Down the TBR Hole #11

Down the TBR Hole is a weekly meme hosted by Lia @Lost in a Story. Rules are:

  • Go to your Goodreads to-read shelf.
  • Order on ascending date added.
  • Take the first 5 (or 10 if you’re feeling adventurous) books
  • Read the synopses of the books
  • Decide: keep it or should it go?


I’m keeping all of the books in the first trio. Outline by Rachel Cusk is a novel about writing and talking, about self-effacement and self-expression, about the desire to create and the human art of self-portraiture in which that desire finds its universal form. The second book is The First Bad Man by Miranda Julythat described as a tender, gripping, slyly hilarious, infused with raging sexual fantasies and fierce maternal love, Miranda July’s first novel confirms her as a spectacularly original, iconic and important voice today and a writer for all time. It’s weird for me that the third book is still on my TBR list instead of the read list, because I adore the author and I know I love it already because I listen to the TED talk – We Should All Be Feminists by Chimamanda Ngozi Adichie.


I’m removing all of the three books above from my TBR. I still find them interesting, but I don’t see myself reading any of those books anytime soon so there’s no point of keeping them on my TBR. When times comes that I want to read more about abortion lows, I will find Pro: Reclaiming Abortion Rights by Katha Pollitt and I’ll read it. None of the Above by I.W. Gregorio has a culturally relevant story of intersexuality. This One Summer by Mariko Tamaki, Jillian Tamaki  is a graphic novel described as a gorgeous, heartbreaking and ultimately hopeful story about a girl on the cusp of her teenage — a story of renewal and revelation.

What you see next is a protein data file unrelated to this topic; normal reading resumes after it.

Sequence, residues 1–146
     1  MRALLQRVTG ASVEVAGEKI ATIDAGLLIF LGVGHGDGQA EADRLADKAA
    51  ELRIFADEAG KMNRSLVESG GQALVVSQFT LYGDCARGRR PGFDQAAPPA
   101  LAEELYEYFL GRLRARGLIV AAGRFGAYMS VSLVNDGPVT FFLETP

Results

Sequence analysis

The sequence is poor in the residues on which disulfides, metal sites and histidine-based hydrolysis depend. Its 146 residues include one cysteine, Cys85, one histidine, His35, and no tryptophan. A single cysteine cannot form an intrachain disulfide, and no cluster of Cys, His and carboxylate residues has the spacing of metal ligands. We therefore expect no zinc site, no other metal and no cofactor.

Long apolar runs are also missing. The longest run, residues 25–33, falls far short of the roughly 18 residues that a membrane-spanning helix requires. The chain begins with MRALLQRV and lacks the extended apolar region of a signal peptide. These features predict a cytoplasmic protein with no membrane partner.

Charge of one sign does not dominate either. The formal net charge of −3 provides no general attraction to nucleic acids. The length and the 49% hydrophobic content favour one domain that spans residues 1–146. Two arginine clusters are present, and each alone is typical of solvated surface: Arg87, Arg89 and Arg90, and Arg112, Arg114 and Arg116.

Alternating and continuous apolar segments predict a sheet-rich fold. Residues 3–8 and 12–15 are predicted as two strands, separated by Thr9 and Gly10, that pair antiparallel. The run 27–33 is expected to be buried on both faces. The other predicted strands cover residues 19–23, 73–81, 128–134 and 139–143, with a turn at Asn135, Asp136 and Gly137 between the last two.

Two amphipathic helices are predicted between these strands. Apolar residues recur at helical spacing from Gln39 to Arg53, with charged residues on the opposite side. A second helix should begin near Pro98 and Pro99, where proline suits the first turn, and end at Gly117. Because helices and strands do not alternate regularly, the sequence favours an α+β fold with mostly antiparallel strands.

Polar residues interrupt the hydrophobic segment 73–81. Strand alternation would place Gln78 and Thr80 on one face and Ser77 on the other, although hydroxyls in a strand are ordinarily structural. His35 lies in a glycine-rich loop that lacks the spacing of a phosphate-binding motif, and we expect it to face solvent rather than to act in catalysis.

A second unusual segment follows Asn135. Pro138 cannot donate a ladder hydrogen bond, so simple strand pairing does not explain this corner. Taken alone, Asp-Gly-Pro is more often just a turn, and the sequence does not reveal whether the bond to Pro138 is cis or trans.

I’m keeping The Opposite of Loneliness: Essays and Stories by Marina Keegan, a collection of essays publish post mortem. The author died in a car crash and left behind a rich, deeply expansive trove of writing that, like her title essay, captures the hope, uncertainty, and possibility of her generation. Free to Fall by Lauren Miller I’m keeping because it has a really interesting premise, and is a stand-alone dystopian YA novel which I think we don’t get that often. The Wrath and the Dawn by Renée Ahdieh is leaving my TBR, because I just don’t think it’s for me and I won’t enjoy reading it.

Have you read any of the books from my Down the TBR Hole list? Tell me what you think about my decisions on keeping and removing books.

Leave a Reply

Fill in your details below or click an icon to log in: Logo

You are commenting using your account. Log Out /  Change )

Google photo

You are commenting using your Google account. Log Out /  Change )

Twitter picture

You are commenting using your Twitter account. Log Out /  Change )

Facebook photo

You are commenting using your Facebook account. Log Out /  Change )

Connecting to %s

This site uses Akismet to reduce spam. Learn how your comment data is processed.